Q.: or in terms of a decline in social services and social protection …
A.: Yes exactly.
Q.: For a better understanding of how GRB works at level of implementation, can you provide some concrete examples of results achieved and explain how they are then measured, assessed?
A.: In terms of results, where we see a strong committment by governments to address issues of gender inequality, there are results. In Rwanda for instance where achieving gender equality is a key government objective, we have seen results. Here UN Women has supported the agriculture ministry to develop and cost a gender strategy, meaning that we have developed the strategy and assessed the costs, and the government has allocated the money necessary to the implementiation of the strategy in order to make sure that women can benefit from whatever agricultural reform is going to take place in Rwanda. However, one must be clear that allocation of money to gender equality is not enough. Governments also need to track how the money is spent. In Nepal, where we have been working for many years, the government has developed a classification system to track the percentage of money in the sector budget for programmes on gender equality. So there is a huge amount of technical work that UN Women is currently supporting across the world. You can see practical examples on the GBR website about how to make sure not only that money is allocated to gender equality (that is one part of the story) but also that the money is spent in the proper way, and is monitored and that citizens understand where their money is going and they hold their governments accoutable.
Q.: What is the role of civil society in this process and the relation between international agencies and national governemnts?
A.: It is extremely important that civil society is involved. For GRB to work, you need the combination of few elements. First of all, political will. Governments must be committed to gender equality and make it a priority through the allocation of resoures to their national policies, programmes, laws. Then you need requisite capacities: people working within the Ministry of Finances and sector ministries – must be able to do gender analysis, must understand the importance of allocating money to gender equality, and must be able to identify women’s priorities.
The third thing is to have the system in place. Without a proper system to allocate money efficiently and effectively and without good internal monitoring systems, GRB can not work. Finally, you need a proper civil society oversight, asking the government questions about the budget, and explanations on why money has been allocated to one sector and not to the other. A very engaged civil society that is able to do budget tracking and budget monitoring. Regarding the international agencies (meaning the donor agencies), they must have a role to play for sure. More governments are engaging in public finance reform, and the international agencies have a role to play in support of these reform processes. However, GRB is really about building national level capacities, and not about imposing any kind of approach. International agencies must support national efforts to ensure that gender equality is central to these reforms.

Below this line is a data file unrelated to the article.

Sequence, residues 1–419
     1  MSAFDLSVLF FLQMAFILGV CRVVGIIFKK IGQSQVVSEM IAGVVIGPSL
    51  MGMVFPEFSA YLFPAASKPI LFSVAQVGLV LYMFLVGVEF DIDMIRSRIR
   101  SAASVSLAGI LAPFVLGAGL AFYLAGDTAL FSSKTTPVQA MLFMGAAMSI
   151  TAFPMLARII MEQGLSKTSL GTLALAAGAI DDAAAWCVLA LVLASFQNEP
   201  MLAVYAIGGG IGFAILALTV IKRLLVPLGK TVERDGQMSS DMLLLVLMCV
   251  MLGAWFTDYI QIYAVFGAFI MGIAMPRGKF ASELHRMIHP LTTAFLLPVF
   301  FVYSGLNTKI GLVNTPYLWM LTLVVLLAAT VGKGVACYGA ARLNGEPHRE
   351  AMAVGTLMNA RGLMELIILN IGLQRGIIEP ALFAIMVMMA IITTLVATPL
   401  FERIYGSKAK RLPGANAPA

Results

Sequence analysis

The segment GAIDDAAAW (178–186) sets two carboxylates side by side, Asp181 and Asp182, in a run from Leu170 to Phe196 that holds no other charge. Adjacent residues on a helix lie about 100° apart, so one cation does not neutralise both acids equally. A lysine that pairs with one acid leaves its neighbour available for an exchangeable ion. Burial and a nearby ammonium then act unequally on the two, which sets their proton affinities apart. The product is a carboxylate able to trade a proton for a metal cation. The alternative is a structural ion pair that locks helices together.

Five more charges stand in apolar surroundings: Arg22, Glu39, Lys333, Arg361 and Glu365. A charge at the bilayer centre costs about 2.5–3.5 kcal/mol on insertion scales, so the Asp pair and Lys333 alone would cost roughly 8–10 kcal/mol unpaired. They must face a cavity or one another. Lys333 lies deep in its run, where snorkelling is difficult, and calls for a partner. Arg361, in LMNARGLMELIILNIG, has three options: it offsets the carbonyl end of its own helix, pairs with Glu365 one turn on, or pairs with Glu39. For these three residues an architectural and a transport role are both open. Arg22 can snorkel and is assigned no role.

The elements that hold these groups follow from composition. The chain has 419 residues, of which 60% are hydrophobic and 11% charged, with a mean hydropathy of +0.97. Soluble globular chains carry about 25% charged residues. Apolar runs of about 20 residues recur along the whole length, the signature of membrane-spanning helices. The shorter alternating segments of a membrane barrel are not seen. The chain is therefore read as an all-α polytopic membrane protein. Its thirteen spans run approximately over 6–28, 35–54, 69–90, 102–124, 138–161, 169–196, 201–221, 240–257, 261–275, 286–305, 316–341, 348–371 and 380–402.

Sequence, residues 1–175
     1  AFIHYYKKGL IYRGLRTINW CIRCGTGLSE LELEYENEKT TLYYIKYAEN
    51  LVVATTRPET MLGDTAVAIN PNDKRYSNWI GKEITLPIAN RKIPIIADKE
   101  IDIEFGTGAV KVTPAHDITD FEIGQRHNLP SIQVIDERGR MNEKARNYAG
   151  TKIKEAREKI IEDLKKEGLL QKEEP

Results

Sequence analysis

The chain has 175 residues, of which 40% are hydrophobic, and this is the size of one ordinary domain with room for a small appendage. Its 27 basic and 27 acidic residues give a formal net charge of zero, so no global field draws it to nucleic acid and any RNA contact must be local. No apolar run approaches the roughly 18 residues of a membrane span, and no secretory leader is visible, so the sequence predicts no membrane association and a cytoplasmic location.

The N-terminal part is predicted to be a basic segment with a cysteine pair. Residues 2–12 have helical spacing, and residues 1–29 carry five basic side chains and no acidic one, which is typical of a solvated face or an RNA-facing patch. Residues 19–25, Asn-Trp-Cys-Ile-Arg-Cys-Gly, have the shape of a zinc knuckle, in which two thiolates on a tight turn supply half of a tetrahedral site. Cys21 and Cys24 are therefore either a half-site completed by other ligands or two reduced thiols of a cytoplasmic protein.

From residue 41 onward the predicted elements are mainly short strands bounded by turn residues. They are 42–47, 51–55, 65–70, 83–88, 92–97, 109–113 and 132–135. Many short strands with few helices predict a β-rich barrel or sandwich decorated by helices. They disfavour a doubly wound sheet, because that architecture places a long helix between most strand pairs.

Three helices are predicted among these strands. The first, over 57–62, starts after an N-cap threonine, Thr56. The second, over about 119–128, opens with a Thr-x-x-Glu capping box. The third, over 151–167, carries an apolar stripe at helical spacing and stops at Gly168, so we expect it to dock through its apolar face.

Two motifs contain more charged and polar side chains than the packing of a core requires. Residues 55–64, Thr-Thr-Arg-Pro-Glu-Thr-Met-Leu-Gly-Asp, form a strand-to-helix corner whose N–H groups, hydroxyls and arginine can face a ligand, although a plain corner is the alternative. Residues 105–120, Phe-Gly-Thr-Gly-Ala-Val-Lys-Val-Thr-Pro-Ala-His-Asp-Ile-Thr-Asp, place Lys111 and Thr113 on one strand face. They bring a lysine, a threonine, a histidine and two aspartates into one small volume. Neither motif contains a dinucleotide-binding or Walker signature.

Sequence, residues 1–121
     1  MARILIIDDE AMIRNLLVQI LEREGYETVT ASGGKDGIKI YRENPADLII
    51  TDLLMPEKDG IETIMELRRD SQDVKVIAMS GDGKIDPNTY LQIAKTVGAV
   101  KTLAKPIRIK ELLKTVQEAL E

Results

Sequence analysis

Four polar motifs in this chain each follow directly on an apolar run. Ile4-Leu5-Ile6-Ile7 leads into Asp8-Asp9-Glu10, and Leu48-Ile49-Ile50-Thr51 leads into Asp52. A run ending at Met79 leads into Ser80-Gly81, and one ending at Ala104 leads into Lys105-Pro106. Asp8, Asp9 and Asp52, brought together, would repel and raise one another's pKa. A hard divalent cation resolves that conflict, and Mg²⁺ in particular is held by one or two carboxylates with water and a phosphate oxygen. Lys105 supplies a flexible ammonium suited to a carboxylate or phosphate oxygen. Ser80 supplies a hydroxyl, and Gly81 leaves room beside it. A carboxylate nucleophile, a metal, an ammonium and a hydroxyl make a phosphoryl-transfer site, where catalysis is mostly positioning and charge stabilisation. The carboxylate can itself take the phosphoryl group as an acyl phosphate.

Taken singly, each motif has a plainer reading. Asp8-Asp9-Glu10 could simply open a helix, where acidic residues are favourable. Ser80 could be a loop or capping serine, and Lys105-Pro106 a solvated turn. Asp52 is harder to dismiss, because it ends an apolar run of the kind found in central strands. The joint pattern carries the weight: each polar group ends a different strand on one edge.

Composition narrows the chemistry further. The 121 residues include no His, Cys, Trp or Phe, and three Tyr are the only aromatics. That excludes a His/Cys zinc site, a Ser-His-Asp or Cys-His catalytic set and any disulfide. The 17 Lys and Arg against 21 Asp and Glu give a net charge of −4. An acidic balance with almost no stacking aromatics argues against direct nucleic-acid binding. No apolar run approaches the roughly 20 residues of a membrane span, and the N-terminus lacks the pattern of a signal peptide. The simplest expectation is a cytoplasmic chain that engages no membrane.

Q.: In the editorial of journal issues 55.3 on ‘Gender and Economic Justice’ Wendy Harcourt says that the challenge is now to move from the confort zones of summits and conferences (where many interesting ideas are put on the table) to the implementation of these ideas in the reality. In your view, what is needed to move ahead?
A.: Going forward to the post 2015 MDGs framework - whatever it will look like – a new development framework is needed that places gender equlality at its heart. I agree with Wendy that the focus must be on implementation and increased investment in gender equality is part of the narrative. Even if we have the most perfect post 2015 development framework and gender goals, without sufficient investment, we can not go much further. GRB has a lot to offer in terms of understanding prioritization of women’s needs and requisite systems for gender responsive development outcomes. That’s why it is important from my perspective that principles of GRB - transparency, accountability and participation - guide the shaping of a new development framework.
Interview by Angela Zarro, SID
This is a follow up article of SID Journal Development Vol. 55.3 Gender and Economic Justice produced in partnership with AWID.
Zohra Khan is Programme Manager of the Gender Responsive Budgeting Programme at UN Women, New York.
Photo: UN Women/Flickr